A stepwise strategy to distinguish menstrual blood from peripheral blood by Fisher’s discriminant function

  • Hongxia He
  • Anquan Ji
  • Yixia Zhao
  • Na Han
  • Sheng Hu
  • Qinglan Kong
  • Li Jiang
  • Jian Ye
  • Yao LiuEmail author
  • Qifan SunEmail author
Original Article


Blood samples are the most common and important biological samples found at crime scenes, and distinguishing peripheral blood and menstrual blood samples is crucial for solving criminal cases. MicroRNAs (miRNAs) are important molecules with strong tissue specificity that can be used in forensic fields to identify the tissue properties of body fluid samples. In this study, the relative expression levels of four different miRNAs (miR-451, miR-205, miR-214 and miR-203) were analysed by real-time PCR, with 200 samples from 5 different body fluids, including two kinds of blood samples (peripheral blood and menstrual blood) and three kinds of non-blood samples (saliva, semen and vaginal secretion). Then, a strategy for identifying menstrual and peripheral blood based on Fisher’s discriminant function and the relative expression of multiple miRNAs was established. Two sets of functions were used: Z1 and Z2 were used to distinguish blood samples from non-blood samples, and Y1 and Y2 were used to distinguish peripheral blood from menstrual blood. A 100% accuracy rate was achieved when 50 test samples were used. Ten samples were used to test the sensitivity of the method, and 10 ng or more of total RNA from peripheral blood samples and 10 pg or more of total RNA from menstrual blood samples were sufficient for this method. The results provide a scientific reference to address the difficult forensic problem of distinguishing menstrual blood from peripheral blood.


Body fluid identification MicroRNA Peripheral blood Menstrual blood Fisher’s discriminant function 



In addition, we want to thank Prof. Guo Xiangqian from Henan University for help with the sample collection, and we would also like to thank all the volunteers who contributed samples to this research.

Authors’ contributions statement

Conceptualization—Anquan Ji, Sun Qifan and Qinglan Kong.

Methodology—Qifan Sun, Hongxia He, Yixia Zhao, and Sheng Hu.

Software—Hongxia He and Li Jiang.

Formal analysis—Hongxia He, Na Han and Qifan Sun.

Statistical modelling—Hongxia He and Qinglan Kong.

Investigation—Qifan Sun, Anquan Ji and Sheng Hu.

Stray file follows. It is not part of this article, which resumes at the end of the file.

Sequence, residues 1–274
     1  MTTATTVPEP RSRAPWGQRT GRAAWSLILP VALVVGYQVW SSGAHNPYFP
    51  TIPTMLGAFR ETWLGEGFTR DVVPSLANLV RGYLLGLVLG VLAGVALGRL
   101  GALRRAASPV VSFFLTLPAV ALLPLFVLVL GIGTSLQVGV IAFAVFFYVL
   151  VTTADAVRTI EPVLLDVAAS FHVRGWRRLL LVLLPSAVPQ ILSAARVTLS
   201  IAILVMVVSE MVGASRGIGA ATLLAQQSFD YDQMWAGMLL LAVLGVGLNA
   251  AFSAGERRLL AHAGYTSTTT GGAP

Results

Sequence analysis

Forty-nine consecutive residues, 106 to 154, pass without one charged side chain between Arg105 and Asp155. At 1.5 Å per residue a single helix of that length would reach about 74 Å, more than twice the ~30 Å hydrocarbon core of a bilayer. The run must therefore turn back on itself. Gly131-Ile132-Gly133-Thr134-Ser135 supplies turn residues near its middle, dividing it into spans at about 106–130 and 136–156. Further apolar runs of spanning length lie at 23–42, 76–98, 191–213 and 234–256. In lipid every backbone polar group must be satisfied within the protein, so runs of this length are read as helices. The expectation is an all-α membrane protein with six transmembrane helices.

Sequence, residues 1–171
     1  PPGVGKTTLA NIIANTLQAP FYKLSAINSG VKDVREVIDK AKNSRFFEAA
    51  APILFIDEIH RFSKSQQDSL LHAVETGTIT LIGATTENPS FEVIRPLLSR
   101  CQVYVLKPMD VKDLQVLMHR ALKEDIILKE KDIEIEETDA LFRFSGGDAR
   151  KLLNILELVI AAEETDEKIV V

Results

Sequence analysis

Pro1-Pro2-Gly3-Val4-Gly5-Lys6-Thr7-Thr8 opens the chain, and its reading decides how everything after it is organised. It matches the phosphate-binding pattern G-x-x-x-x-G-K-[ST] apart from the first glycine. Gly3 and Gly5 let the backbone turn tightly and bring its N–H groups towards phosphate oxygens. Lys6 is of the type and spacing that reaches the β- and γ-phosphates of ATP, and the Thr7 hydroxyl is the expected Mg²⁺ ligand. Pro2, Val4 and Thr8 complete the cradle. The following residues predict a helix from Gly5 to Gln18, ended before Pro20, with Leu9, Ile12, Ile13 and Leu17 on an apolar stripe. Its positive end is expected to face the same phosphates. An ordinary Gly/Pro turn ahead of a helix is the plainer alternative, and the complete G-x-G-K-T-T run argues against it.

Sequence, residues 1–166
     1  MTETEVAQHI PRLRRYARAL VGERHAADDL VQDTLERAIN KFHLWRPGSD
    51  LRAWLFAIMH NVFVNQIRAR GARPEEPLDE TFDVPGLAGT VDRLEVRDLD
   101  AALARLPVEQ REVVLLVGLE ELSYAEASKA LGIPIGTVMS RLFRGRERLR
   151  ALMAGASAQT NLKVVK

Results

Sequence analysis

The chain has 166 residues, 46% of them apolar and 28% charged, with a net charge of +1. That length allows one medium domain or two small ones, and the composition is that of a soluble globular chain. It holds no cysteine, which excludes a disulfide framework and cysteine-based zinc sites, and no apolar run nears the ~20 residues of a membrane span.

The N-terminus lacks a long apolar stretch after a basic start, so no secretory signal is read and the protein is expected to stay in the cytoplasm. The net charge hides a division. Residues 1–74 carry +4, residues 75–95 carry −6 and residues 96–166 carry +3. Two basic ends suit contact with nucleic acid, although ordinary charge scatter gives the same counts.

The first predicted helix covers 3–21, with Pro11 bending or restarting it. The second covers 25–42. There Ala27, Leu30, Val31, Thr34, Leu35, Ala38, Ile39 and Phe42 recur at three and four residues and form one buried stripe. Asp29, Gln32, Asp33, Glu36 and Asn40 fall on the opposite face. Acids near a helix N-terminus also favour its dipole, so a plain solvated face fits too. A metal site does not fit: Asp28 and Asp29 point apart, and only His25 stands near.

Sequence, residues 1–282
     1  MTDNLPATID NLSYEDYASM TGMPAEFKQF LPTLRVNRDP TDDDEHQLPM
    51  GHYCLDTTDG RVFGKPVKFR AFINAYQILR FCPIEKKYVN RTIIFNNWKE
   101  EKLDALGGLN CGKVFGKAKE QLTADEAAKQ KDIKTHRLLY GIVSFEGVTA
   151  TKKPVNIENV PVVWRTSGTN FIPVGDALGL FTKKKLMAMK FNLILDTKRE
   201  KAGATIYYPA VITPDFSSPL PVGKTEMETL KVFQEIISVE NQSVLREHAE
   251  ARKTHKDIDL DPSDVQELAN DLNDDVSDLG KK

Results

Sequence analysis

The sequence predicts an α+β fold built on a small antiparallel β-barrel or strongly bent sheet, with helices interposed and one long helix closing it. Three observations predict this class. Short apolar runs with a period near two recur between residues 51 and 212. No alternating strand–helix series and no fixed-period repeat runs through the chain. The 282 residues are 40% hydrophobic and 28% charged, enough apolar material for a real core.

Resources—Anquan Ji, Qifan Sun. Jian Ye and Yao Liu.

Data curation—Qifan Sun, Yixia Zhao, and Anquan Ji.

Writing and original draft—Hongxia He, and Qifan Sun.

Writing and review and editing—Hongxia He, Na Han and Qifan Sun.

Project administration—Qifan Sun, Jian Ye and Yao Liu.

Funding acquisition—Qifan Sun and Anquan Ji.

Funding information

This work was supported by grants from the National Key R&D Programme (No. 2017YFC0803503) and the Basic Research Project from the Institute of Forensic Science, Ministry of Public Security, China (No. 2019JB010).

Compliance with ethical standards

Conflict of interest

The authors declare that they have no competing interests.

Supplementary material

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ESM 1 (XLSX 105 kb)
414_2019_2196_MOESM2_ESM.xlsx (24 kb)
ESM 2 (XLSX 24 kb)


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Copyright information

© Springer-Verlag GmbH Germany, part of Springer Nature 2019

Authors and Affiliations

  1. 1.MPS’s Key Laboratory of Forensic Genetics, National Engineering Laboratory for Crime Scene Evidence Investigation and ExaminationInstitute of Forensic Science, Ministry of Public Security (MPS)BeijingChina
  2. 2.Faculty of Forensic SciencesShanxi Medical UniversityTaiyuanPeople’s Republic of China
  3. 3.Chinese Center For Disease Control And PreventionState Key Laboratory of Infectious Disease Prevention and ControlBeijingChina
  4. 4.Faculty of Mathematics and StatisticsZaozhuang UniversityZaozhuangPeople’s Republic of China

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